“He’s a gifted climber — one of, say, 20 very talented climbers in the peloton. But it’s his blossoming ability in the time trial that makes Dani so exciting,” said EF Education First Pro Cycling CEO Jonathan Vaughters. “He’s made huge improvements in the TT. He’s a climber whose time trial is now a strength, not a liability. He’s worked hard on his end there, and I’m also proud of the advancements the team has made on that front, too. We’re doing great work together.”

Martínez’s spring race program will likely include Itzulia Basque Country (formerly Vuelta País Vasco), the Ardennes and Tour de Romandie. He’s expected to start his second Tour de France in July.

“I’m excited for the future,” said Martínez. “I’m happy my future is with this team. I’ve liked the atmosphere we have here from that moment I first arrived. The way the team does things, the people, the support I receive. Racing with EF Education First is great.”

“Dani fits in well on the team,” said Vaughters. “The riders rally around him because he’s talented but also a genuinely nice guy. For us, he’s the perfect fit. I’m excited to see what’s next for him.”

On and off the bike, Martínez takes our mission of exploring the world to heart.

“I think that without a doubt the world changes you when you see more places in the world,” he said. “As a person, it fills you and helps you to grow in many aspects of life.”

One Million E-Bikes sold in Germany in 2018; up 36 percent!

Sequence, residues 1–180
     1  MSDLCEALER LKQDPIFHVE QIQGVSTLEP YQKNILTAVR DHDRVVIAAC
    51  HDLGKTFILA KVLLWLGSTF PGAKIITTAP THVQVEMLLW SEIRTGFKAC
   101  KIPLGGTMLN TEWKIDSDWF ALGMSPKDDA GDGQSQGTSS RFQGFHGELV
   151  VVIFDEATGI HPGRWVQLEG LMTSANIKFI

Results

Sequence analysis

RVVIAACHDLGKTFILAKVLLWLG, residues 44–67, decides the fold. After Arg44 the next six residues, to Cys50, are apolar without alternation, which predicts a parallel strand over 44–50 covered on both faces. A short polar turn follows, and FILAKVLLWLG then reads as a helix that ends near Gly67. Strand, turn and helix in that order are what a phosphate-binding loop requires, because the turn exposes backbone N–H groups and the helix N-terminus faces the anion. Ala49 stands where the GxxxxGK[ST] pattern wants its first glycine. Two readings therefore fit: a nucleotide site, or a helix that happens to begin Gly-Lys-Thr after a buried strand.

Bike Europe sent me this industry update:

BAD SODEN, Germany – E-bikes are boosting the German bicycle industry as the sales volume hiked by a staggering 36 percent in 2018 compared to 2017. No less than 980,000 units were sold last year. Today every one out of four bicycles sold in Germany is an electric one.

The today by the industry association ‘Zweirad-Industrie-Verband’ (ZIV) published 2018 market data underline the e-bike importance. According to the ZIV data e-bikes now hold a market share of 23.5 percent. The industry association expects this market share to increase to 30 percent in the medium term while 35 percent is called ‘realistic’ on a longer term. Approximately 99.5 percent of all e-bikes sold are 25 km/h types, the remaining 0.5 percent are speed pedelecs.

“2018 was a fantastic year for the German bicycle industry”, said ZIV managing director Siegfried Neuberger. “The innovations in the industry are responsible for the fact that both the bicycle and the e-bike are highly appreciated by consumers. The combination with optimal weather conditions made that the cycling season started early and ended late.”

You can read the entire story here.